Also: do consider portability when you're looking for a drawing tablet - I could carry around my Bamboo or Intuos Pro Medium easily (they fit into my backpack and are light enough) but I cannot for the life of me now carry my cintiq around to class or elsewhere. Not to mention the cintiq weighs more than the other two options and is more expensive (so I'm nervous about commuting around with something like the cintiq in my bag, worrying it'll break or crack).

 

Edited by Cadence
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Do you have a tablet that's not a drawing tablet, like a ipad or something like that? There are a lot of cheap apps you can use to start out on that :)

Otherwise, I recommend a small Wacom Intuos tablet. Mine was only $200 or so and I've had it for over five years!~ 

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1 minute ago, runeowl said:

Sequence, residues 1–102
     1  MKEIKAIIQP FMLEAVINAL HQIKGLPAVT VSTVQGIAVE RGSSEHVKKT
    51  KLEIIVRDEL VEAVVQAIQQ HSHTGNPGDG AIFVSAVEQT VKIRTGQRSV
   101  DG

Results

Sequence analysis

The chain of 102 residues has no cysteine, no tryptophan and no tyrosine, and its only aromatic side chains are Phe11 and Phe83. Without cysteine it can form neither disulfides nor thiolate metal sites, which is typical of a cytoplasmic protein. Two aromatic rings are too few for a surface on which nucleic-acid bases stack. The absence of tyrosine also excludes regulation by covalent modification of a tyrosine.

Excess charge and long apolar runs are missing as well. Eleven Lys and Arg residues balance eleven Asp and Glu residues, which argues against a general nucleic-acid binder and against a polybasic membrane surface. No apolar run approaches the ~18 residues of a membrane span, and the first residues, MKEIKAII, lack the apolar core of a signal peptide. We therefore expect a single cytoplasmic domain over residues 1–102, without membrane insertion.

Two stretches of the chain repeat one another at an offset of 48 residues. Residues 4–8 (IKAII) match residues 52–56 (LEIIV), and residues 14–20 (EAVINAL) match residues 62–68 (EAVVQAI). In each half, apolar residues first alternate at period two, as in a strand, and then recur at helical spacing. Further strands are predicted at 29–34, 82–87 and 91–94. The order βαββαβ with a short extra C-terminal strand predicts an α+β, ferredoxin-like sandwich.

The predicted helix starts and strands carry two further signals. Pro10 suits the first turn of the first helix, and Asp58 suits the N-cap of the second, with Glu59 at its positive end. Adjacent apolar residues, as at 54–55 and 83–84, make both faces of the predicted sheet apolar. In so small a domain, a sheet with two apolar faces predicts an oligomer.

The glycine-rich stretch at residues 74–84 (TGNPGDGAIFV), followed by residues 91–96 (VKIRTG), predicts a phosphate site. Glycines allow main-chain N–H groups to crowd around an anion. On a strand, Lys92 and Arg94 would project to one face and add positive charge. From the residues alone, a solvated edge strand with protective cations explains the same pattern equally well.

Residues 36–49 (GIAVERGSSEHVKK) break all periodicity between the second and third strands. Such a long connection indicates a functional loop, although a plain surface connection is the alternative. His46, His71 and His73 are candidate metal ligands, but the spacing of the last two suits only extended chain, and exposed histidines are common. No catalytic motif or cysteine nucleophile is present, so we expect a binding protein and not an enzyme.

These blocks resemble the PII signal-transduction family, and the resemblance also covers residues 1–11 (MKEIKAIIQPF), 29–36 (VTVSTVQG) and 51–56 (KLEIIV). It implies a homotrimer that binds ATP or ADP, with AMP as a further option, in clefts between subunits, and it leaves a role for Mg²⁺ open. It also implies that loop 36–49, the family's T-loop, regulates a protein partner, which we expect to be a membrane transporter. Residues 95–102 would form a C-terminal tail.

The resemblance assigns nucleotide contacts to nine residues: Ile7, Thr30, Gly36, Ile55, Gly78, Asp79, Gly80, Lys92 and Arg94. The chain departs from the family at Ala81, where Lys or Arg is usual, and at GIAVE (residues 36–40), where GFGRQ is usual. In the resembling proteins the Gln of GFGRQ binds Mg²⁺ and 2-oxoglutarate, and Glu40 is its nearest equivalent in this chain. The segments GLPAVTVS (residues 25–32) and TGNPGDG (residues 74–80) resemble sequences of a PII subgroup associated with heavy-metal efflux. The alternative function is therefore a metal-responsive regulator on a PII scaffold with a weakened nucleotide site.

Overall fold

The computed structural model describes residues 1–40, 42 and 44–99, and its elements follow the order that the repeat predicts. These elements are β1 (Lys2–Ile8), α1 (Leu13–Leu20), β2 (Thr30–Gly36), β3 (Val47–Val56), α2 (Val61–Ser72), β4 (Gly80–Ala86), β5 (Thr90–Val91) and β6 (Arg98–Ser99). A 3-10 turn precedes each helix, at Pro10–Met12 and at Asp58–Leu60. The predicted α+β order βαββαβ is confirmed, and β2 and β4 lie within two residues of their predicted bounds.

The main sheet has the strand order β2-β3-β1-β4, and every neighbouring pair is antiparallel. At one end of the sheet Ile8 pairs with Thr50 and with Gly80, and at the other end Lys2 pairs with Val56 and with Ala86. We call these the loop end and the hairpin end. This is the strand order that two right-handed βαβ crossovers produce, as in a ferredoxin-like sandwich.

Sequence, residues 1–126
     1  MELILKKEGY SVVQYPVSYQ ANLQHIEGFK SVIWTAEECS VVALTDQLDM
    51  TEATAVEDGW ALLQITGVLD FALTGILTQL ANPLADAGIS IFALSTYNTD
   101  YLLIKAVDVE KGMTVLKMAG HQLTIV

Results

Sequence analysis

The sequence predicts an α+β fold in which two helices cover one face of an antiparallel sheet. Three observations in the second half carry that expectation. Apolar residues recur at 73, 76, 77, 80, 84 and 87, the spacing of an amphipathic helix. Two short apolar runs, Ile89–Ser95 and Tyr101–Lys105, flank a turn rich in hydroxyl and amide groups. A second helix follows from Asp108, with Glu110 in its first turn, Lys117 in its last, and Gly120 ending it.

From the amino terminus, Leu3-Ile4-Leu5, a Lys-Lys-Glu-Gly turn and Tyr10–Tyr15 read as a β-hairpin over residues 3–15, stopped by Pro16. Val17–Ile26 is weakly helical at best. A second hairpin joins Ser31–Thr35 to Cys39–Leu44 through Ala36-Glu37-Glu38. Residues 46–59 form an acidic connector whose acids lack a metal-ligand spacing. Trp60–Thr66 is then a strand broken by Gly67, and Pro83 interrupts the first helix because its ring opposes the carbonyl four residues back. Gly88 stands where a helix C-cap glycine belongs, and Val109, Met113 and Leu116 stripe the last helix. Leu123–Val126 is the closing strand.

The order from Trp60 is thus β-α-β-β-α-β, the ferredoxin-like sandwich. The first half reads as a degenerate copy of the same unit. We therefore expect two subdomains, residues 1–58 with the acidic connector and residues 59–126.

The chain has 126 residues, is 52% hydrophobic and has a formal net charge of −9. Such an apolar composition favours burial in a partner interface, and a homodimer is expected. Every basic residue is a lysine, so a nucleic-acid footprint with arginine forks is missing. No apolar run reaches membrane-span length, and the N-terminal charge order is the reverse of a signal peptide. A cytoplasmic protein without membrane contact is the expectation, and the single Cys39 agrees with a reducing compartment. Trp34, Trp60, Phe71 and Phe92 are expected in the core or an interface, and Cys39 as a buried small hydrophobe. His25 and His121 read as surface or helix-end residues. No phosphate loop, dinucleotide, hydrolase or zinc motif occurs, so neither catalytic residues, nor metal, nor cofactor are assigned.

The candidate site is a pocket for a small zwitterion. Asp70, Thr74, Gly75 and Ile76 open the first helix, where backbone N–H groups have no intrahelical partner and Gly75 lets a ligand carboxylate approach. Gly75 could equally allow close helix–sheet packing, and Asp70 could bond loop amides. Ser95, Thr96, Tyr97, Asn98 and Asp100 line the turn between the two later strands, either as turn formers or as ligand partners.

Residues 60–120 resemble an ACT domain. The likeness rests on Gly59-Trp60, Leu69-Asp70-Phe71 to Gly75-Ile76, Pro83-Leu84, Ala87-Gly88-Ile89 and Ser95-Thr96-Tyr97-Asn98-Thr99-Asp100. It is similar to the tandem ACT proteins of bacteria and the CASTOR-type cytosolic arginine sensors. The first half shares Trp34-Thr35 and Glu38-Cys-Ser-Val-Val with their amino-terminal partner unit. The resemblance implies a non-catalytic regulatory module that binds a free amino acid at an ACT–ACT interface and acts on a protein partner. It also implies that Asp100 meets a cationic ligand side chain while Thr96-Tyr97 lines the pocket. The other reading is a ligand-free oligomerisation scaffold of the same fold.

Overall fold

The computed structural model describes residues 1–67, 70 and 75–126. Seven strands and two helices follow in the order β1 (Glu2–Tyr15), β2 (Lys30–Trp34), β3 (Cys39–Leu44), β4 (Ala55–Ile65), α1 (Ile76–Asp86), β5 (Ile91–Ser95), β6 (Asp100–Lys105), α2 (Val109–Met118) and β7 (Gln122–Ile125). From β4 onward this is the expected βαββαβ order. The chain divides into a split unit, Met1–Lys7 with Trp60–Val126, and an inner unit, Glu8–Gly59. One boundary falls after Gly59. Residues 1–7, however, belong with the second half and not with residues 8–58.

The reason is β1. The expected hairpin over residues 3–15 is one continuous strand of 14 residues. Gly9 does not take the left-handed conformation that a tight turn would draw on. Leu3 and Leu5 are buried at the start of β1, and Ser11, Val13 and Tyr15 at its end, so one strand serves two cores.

Do you have a tablet that's not a drawing tablet, like a ipad or something like that? There are a lot of cheap apps you can use to start out on that :)

Closest thing to a iPad I have is my iPhone 7 Plus, which would probably be a little small to draw on.

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  • 2 weeks later...

Well I wouldn't really put the Intuos medium pro in the cheap category whether it's affordable or not depends on what price range you are looking to spend. But I have one as well. Mine is a Pro 5. You can get cheaper ones, even from Wacom that work alright, especially for an amateur. I hardly consider myself an artist at this point since I just don't draw enough with my limited time, but I started out on a Bamboo fun forever ago. Not sure what their equivalents are now. But it worked great and was more like $100 instead of the $300 dollars of the Intuos. The nice thing about wacom, or at least it did previously can't say for sure now, but both tablets came with software some of which I still use. Nice if you don't already have an art program, as they can be expensive.